Deciding if something in particular was jacked or not is no where close to an objective decision and I think you'll run into a lot of trouble with that. Teams will always be able to say "we never saw that video/performance" and "we thought of it on our own." Some teams are probably telling the truth and maybe some aren't, I don't know, but I don't think we can make that call. Hopefully, if they blatantly copied something obvious, they'll lose respect for that and they won't have the pride in their set that they could have. It sucks, but I don't know what you can do about it besides hope that breaking the norms of the bhangra world are enough of a deterrent.

I think you can still judge on originality as it kind of falls along with creativity, but it seems hard to try and dock points for "stealing" specific things.
 

dheerja

Member
Messages
607
Yeah definitely agree that plagiarism is an issue these days, but that means you're also asking judges to watch every single bhangra performance on YouTube. That's a lot to expect, and it's actually something we should deter judges from doing, since they should walk into a competition without any preconceived notions about teams and their routines.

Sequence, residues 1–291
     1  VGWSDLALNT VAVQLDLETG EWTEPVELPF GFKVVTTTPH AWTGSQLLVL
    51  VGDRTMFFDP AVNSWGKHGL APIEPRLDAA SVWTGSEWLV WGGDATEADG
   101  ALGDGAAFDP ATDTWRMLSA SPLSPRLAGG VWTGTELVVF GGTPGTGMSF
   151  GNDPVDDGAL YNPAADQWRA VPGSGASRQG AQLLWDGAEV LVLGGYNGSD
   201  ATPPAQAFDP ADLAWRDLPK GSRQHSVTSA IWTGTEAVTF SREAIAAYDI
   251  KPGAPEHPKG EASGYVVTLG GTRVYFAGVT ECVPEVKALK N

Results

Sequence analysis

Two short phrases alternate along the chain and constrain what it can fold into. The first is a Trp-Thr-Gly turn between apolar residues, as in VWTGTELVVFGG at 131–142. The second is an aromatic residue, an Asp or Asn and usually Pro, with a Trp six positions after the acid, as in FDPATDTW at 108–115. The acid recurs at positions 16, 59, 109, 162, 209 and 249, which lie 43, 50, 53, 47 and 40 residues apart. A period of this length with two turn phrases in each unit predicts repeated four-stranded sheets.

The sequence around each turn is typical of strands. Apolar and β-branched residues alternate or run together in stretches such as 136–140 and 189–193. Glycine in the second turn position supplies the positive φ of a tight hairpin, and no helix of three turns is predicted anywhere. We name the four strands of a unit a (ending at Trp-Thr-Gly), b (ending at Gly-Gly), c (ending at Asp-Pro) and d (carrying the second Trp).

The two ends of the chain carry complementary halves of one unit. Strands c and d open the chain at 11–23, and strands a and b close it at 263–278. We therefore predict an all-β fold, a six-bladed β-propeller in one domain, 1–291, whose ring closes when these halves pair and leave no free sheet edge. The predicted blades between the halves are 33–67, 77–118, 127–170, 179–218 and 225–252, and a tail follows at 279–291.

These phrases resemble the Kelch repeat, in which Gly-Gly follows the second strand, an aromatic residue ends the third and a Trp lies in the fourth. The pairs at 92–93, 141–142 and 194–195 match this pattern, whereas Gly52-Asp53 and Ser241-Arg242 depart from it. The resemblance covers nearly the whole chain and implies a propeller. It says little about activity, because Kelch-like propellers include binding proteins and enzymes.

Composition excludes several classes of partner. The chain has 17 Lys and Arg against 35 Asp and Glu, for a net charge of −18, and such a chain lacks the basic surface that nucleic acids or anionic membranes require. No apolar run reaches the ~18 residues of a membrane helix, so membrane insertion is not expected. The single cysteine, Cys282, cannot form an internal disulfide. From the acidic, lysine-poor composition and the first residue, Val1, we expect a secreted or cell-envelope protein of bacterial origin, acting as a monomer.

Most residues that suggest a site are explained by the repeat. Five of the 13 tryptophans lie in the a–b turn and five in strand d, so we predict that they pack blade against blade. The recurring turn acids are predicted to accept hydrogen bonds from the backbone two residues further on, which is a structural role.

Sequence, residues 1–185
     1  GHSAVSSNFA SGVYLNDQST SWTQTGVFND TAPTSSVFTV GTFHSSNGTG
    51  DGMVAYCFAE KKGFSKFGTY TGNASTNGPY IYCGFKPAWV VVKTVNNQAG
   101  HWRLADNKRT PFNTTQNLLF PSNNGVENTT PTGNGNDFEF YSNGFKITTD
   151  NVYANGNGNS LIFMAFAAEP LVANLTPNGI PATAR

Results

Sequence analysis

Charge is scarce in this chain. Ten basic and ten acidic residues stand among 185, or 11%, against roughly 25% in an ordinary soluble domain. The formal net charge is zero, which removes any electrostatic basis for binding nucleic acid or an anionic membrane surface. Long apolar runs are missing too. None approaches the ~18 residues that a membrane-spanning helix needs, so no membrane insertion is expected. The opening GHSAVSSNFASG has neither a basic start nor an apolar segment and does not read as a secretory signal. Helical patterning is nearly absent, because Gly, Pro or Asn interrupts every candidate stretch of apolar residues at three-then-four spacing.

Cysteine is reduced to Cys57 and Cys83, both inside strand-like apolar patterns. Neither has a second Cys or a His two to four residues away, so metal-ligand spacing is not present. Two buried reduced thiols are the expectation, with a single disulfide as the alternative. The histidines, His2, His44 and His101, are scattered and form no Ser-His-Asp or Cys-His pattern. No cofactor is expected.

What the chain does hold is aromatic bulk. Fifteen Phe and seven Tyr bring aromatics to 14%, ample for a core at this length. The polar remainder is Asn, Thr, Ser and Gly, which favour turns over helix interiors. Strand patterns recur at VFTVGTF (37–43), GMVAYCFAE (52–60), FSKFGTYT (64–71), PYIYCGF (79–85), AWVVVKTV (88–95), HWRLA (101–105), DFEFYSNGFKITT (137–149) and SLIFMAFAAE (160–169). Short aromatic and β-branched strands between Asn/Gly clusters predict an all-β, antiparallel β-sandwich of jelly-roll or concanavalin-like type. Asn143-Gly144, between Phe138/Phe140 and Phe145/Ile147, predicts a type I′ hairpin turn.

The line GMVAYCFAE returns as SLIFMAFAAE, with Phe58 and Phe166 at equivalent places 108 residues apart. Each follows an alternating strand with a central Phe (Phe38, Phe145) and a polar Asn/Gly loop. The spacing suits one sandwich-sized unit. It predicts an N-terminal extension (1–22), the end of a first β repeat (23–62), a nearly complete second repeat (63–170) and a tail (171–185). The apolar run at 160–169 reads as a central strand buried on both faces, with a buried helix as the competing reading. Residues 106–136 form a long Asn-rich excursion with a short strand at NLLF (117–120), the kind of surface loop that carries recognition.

Saleem

Well-Known Member
Staff member
Messages
1,928
I agree w/ arjunk and dheerja... sue, swi,and i have discussed score normalization and ive had to lay down the geek pain when some people came up with other ideas on how to help scoring. the excel route was taken by burgh i remember, in 2010, and it was good because they collected at the end (meaning we could compare teams' sheets and make sure we were consistent), then they threw them in excel, then they gave us the top 4 teams (which were clustered) so we could deliberate.

I can't even fathom how a judge would take the #1 team numerically, which had some separation from other scores, and not place them. Normally it is just a discussion between 1st, 2nd, and 3rd and there is general consensus amongst judges.
 

Basim

♥ BTF ♥
Staff member
Messages
1,459
dheerja said:
you're also asking judges to watch every single bhangra performance on YouTube. That's a lot to expect...
I agree with this. It shouldn't be the judges job to figure out if teams hijacked a move/segment from another team (or dance group).

I personally don't have a problem with judges watching videos on youtube (not sure how you can control that aspect since technology is such a big part of our lives these days). The judges need to be able to differentiate what they might know about a team or have seen in the past from what they present on stage.

Ideally the BEST way on tackling this issue would be for competition organizers to select judges based on what type of competition they are planning to host - by that I mean a hardcore live traditional competition, a collegiate competition primarily with music teams, etc. Then to WORK WITH THE JUDGES to formulate a rubric rather than "force-feed" some set rubric and make them follow something they might not favor/agree with. Once the judges & competiton organizers come to a conconlusion on the rubric, they should release the names of the judges & the rubric to the public.